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You Need To Keep These Items On Your Desk If You Want To Increase Productivity

You Need To Keep These Items On Your Desk If You Want To Increase Productivity

Nowadays, productivity hacks can be found everywhere. Things like setting up a particular type of environment, having a certain mindset, or preventing distractions, and so on are common when productivity comes up in conversation. But have you ever thought what kind effect the objects on your desk have on your productivity?

Here are some things that I’ve found have worked for me when they’re sitting atop my desk or lack thereof.

Containers Filled with Pens or Other Writing Utensils for Productivity

One of the simplest things that I’ve done to increase my productivity is have multiple containers filled with pens and markers and pencils and all kinds of other utensils. It only takes one pen to get the job done of course. But when presented with such a variety, I’m able to really choose what I think is best for the project that I’m working on. For example, if I want to write, I go for a ballpoint pen. If I was to draw or doodle, a pencil works. If I want to color inside of the lines, I have a cup full of sharpies waiting to be used.

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But why does this increase my productivity?

The honest truth is: I don’t actually know. Maybe it’s psychological. Maybe it’s the fact that in my head, I know that pens are what makes my work get done. They sit in those containers and stare at me until I get my job done. It might work for you, too.

Sticky Notes for Reminders and Inspiration

In plain view, I have 11 sticky notes with life questions that I ask myself every so often. I also have a pad of sticky notes handy for whenever I need to jot down some notes or thoughts that I want to remember. That being said, sticky notes have helps me stay productive.

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How?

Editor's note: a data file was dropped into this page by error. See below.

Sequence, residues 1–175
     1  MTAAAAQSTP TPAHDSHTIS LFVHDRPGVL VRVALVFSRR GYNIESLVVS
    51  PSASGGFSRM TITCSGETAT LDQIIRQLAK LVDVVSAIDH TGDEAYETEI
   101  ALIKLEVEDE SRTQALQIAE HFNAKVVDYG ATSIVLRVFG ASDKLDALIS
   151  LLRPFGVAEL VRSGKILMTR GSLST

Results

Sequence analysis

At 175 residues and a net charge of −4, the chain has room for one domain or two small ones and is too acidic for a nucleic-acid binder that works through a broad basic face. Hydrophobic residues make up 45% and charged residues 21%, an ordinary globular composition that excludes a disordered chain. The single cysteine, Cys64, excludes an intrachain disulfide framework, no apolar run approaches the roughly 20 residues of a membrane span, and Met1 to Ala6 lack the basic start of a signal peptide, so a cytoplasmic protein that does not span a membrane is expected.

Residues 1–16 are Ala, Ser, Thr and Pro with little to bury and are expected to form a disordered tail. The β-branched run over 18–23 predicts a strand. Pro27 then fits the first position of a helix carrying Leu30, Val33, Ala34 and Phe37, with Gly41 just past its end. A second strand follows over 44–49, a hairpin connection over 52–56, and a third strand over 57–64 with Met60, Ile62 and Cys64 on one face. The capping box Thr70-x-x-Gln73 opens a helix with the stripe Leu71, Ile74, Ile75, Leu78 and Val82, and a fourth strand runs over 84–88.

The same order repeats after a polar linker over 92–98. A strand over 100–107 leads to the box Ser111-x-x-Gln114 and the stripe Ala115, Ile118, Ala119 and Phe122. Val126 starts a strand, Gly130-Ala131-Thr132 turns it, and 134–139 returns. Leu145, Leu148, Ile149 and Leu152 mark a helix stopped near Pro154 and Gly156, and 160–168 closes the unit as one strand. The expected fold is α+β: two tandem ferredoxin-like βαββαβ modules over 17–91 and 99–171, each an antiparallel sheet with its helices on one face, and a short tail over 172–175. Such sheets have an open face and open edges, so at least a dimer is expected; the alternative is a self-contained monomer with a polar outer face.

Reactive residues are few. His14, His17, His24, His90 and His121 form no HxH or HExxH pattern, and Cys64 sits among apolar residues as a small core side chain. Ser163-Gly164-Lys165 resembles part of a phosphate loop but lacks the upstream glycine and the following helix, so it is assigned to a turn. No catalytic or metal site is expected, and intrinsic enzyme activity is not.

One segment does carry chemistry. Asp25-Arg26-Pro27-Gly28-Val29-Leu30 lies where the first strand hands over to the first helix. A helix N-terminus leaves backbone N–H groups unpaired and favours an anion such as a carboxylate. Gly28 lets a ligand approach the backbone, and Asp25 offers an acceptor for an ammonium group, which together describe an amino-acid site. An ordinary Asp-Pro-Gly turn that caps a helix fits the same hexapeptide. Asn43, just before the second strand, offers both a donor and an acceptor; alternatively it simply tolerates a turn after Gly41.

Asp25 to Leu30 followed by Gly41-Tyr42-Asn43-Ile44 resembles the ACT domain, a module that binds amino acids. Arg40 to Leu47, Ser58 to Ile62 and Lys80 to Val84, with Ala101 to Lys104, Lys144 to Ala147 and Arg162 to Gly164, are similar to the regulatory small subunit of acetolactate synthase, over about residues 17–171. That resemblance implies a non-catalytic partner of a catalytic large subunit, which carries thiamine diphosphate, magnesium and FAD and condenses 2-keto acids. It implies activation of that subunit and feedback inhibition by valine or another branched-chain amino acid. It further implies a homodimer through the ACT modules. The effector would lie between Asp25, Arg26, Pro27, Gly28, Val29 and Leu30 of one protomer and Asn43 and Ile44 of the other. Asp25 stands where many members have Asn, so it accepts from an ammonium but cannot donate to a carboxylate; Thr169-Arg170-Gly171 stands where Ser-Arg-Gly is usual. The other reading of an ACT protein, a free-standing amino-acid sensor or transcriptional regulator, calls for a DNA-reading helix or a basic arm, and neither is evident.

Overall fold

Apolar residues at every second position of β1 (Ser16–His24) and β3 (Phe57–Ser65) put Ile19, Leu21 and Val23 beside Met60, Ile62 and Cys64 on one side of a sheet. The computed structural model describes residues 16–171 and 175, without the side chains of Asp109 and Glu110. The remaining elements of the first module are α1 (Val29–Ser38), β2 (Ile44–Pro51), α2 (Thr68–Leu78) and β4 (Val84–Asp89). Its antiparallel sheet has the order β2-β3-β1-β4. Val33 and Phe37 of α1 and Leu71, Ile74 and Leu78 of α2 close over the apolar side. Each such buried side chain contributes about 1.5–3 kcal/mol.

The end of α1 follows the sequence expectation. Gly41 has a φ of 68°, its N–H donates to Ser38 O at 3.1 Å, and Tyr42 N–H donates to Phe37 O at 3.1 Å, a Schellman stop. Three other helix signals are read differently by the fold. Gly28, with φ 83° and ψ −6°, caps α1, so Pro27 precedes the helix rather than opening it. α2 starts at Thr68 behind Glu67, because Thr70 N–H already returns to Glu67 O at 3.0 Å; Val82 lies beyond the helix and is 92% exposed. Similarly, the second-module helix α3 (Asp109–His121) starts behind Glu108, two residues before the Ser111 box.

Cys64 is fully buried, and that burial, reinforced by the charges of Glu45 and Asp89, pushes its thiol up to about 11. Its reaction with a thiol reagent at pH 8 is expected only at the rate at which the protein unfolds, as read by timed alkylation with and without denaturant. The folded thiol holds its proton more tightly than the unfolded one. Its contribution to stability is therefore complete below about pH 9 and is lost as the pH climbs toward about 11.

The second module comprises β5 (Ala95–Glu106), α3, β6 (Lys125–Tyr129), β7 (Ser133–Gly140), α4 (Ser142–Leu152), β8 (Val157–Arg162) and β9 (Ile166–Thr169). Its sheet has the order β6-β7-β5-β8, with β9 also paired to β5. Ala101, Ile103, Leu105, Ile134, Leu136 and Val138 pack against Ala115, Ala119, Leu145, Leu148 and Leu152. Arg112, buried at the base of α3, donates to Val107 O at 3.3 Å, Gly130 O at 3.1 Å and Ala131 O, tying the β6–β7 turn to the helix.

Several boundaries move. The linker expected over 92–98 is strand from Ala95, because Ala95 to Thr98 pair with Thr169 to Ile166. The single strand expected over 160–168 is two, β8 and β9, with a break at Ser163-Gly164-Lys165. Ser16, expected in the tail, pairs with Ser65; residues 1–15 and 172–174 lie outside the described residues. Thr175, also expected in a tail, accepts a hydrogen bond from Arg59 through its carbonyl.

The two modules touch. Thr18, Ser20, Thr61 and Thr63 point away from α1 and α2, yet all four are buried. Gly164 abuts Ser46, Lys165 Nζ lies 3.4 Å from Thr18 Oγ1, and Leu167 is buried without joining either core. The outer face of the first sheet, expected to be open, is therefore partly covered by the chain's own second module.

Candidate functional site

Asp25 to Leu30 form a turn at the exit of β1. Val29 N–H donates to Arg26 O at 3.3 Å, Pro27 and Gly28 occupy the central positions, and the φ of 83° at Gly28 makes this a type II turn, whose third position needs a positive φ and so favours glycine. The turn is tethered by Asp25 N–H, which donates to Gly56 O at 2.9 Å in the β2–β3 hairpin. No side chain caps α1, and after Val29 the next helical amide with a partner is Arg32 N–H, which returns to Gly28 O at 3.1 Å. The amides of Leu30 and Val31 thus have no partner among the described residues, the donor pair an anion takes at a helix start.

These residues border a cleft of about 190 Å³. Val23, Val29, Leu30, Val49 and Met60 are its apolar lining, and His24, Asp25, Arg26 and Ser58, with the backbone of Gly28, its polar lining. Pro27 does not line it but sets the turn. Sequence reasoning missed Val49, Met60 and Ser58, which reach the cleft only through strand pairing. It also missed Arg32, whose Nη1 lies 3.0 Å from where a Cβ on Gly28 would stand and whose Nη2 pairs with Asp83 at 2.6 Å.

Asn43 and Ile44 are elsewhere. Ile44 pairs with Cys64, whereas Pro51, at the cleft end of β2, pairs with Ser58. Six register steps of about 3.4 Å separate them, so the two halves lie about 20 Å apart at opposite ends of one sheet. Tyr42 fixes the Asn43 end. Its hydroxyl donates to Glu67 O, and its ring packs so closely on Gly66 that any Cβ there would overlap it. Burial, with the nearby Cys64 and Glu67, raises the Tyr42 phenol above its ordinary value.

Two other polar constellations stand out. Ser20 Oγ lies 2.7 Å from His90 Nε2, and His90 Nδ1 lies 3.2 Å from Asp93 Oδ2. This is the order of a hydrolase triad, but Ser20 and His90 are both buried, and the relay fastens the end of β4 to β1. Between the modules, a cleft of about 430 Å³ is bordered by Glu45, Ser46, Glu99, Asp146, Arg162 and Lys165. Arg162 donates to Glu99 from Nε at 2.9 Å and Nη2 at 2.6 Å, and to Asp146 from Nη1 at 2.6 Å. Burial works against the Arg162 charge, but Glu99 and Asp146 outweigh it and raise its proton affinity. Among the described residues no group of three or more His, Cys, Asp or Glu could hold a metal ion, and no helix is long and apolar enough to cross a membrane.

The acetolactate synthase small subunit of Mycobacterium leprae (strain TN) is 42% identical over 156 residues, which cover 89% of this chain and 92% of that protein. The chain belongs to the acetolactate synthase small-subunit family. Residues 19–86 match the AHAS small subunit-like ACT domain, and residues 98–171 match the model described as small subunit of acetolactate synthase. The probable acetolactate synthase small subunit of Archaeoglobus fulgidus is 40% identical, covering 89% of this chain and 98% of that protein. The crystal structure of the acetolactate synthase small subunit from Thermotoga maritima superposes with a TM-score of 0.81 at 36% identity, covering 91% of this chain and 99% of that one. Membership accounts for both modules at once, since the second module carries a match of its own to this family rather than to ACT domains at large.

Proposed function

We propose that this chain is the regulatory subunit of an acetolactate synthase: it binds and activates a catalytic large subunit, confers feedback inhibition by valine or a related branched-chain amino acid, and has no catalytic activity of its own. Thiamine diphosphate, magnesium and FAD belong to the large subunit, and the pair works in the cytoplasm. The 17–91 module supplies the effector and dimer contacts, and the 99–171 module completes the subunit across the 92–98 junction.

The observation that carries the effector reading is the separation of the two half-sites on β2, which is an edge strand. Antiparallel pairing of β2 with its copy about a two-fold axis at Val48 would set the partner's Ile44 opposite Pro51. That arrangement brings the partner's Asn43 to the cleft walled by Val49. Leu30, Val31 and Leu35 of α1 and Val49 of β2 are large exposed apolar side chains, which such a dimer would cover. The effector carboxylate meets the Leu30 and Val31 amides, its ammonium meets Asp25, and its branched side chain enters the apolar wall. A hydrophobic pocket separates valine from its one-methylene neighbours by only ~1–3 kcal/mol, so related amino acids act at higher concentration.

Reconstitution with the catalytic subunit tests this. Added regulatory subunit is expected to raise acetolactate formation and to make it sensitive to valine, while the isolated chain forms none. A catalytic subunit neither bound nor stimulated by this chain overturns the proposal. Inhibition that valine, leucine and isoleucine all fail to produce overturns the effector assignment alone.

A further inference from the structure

Again, I’m not really sure. I know that you’re thinking, “Hey, this guy doesn’t know what he’s talking about.” And that’s okay if you don’t think so. But if you really want to increase your productivity and you have no other options, you’ll start to do anything possible to get those juices flowing.

Pictures of Loved Ones and Favorite Places for Motivation

One thing that I do know is that the people that I am closest to in life are the people who consistently motivate me to succeed. They serve as constant reminders of why I even am on the journey that I’m on. That’s one of the things that really motivate me to be productive.

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This is simple: find pictures of your family or friends, your significant other or your dog, or even places that you want to travel to. Put them somewhere that you can constantly see them. And whenever you feel like you’re not being productive, give them a gander and kick yourself into high-gear.

Nothing (to Help You Focus)

Completely clear off your desk and give yourself a simple surface to study or work on your craft. Minimalism is something that I find often gives me a chance to really clear my head and focus on what’s in front of me. Sometimes that’s all it takes for me to increase my productivity levels. It may not be the most effective way for some people; distractions can come in all shapes and sizes, including via thoughts. But nonetheless, if you want to jumpstart your productivity, don’t be afraid to clear off your desk and work in simple terms.